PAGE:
Russia Bans 'Innocence Of Muslims' Film, May Shut Down YouTube
By Maya Shwayder | October 2, 2012 4:25 AM EST
A Russian court on Monday banned the controversial “Innocence of Muslims” video that sparked much violence across the Islamic world, Reuters said.
The Tverskoy Court in Moscow ruled that the video was “extremist,” and prosecutor Viktoria Maslova said that the video “puts the Islamic religion in a bad light and aids the rise of religious intolerance in the Russian Federation,” according to the Russian news outlet Itar-Tass.
Russia enacted a federal law to counteract extremism ten years ago, Itar-Tass also reported, wherein any material distributed in the nation can be classified as "extremist" by the courts if a prosecutor requests it.
Another recently-passed law, which will take effect November 1, stipulates that any website that carries banned content can also itself be banned, which could mean all of YouTube would be inaccessible within Russia as of the beginning of next month.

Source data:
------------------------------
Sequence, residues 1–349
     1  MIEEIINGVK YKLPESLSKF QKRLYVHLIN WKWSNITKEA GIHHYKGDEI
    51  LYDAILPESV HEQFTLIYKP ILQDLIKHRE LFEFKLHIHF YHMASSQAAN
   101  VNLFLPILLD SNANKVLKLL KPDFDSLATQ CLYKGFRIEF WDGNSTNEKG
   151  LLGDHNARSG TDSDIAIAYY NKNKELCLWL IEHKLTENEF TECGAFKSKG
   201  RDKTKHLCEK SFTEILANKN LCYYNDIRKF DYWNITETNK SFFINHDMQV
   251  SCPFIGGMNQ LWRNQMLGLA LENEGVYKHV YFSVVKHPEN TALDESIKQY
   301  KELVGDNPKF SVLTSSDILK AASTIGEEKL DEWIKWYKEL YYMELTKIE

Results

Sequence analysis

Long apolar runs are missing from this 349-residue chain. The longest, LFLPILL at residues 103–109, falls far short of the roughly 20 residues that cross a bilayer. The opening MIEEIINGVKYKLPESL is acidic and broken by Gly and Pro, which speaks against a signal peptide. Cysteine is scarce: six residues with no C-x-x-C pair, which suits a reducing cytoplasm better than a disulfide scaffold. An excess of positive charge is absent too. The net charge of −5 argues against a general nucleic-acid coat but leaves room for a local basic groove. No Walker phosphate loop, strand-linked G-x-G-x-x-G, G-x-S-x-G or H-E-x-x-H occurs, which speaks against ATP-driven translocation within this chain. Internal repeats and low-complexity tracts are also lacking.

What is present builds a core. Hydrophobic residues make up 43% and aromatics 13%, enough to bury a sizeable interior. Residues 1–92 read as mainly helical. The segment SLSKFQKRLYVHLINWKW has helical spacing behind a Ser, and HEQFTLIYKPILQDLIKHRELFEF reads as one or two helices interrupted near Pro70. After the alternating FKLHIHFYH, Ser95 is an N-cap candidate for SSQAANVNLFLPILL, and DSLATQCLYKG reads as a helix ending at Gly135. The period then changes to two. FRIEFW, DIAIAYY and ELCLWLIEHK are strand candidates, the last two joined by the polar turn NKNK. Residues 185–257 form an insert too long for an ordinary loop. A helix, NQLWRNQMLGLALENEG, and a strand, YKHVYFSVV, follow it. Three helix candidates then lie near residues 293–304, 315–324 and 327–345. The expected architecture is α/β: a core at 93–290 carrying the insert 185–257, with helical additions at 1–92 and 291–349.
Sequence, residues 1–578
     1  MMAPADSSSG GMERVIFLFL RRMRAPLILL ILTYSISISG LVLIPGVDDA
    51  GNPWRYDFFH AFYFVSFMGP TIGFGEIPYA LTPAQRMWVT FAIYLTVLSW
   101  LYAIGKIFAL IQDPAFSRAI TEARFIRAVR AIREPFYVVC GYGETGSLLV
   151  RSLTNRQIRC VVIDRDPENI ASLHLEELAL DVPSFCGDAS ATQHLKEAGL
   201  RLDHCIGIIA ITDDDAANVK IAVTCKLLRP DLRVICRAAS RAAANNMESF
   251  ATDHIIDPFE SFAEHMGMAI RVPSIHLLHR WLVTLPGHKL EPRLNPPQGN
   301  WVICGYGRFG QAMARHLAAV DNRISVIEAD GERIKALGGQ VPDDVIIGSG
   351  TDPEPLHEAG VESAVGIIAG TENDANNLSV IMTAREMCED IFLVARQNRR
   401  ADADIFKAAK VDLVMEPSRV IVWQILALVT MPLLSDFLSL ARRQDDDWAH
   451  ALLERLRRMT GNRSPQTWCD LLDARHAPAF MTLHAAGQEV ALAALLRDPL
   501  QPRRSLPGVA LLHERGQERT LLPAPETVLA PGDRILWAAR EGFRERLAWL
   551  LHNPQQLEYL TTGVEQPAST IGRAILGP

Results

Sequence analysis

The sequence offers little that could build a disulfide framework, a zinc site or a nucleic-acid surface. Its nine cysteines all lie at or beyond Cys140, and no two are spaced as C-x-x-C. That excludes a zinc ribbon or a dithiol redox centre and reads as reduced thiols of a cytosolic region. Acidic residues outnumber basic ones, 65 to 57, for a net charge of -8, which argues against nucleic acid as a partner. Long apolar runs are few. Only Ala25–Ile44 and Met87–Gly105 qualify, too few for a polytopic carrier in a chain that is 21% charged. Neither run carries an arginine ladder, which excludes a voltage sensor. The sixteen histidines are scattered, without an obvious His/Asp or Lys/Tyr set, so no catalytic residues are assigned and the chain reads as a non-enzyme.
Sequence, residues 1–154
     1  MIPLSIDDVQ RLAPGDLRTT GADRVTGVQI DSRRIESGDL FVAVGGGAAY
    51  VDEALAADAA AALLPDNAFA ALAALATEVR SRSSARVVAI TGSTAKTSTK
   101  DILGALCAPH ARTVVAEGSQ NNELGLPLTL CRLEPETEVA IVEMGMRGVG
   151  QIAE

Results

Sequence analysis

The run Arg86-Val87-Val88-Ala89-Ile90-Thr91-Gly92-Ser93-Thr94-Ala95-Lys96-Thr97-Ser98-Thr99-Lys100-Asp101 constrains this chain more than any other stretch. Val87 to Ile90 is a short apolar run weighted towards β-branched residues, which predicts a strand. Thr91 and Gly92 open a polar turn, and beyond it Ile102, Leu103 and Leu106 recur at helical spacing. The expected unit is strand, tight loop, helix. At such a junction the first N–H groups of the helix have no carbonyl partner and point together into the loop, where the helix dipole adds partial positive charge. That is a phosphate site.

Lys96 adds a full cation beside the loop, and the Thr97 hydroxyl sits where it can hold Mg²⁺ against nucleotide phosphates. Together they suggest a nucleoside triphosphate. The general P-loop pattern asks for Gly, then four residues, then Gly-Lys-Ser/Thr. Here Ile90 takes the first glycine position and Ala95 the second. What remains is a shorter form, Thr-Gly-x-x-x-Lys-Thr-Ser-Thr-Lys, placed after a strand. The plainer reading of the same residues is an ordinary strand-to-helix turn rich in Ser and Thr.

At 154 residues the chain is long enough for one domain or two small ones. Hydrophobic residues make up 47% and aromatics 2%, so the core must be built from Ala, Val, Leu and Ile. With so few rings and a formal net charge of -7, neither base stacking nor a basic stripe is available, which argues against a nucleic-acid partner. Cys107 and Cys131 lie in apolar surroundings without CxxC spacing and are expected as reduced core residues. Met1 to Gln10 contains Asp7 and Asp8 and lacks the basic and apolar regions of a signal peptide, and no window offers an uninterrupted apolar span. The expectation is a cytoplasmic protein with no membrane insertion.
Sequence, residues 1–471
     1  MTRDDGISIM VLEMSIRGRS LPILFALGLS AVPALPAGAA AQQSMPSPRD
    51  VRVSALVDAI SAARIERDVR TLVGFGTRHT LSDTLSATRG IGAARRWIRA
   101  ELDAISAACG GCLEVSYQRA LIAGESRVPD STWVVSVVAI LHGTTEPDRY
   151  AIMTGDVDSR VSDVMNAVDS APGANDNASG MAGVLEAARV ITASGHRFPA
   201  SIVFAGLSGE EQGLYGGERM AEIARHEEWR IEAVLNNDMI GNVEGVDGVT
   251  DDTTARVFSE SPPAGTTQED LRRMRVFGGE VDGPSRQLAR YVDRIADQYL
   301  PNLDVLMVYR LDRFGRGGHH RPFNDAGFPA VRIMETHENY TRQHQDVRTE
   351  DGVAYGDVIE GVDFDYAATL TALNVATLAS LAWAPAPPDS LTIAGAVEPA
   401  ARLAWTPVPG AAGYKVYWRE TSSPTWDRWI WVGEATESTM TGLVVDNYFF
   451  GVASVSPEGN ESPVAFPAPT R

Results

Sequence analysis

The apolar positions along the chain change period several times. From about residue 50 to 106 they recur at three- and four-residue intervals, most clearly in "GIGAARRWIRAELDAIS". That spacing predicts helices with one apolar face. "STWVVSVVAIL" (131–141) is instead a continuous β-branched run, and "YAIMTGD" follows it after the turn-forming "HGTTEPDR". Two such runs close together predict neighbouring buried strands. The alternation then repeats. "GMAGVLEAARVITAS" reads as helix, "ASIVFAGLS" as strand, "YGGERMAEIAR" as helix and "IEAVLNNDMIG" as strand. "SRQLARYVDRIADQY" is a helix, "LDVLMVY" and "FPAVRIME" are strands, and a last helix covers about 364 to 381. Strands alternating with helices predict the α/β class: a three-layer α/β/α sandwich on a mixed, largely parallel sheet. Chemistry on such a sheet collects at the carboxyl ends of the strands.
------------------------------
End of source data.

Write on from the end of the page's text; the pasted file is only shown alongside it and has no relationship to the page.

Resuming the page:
Google, which owns YouTube, told the Russian outlet RIA Novosti that it was prepared to block the video in Russia as soon as it received the official court order.
A court in Grozny, in the heavily Muslim region of Chechnya, passed a similar ruling banning the film and its distribution last week, RIA Novosti reported.
Russia’s second-largest religion is Islam. Ten to 15 percent of Russians identify as Muslim, according to the CIA World Factbook. They also have one of the fastest-growing birth rates in Russia, and are on track to become Russia’s predominant religion by 2050, Russian newspaper Pravda predicted, surpassing the current front-runner religion, the Russian Orthodox Church.
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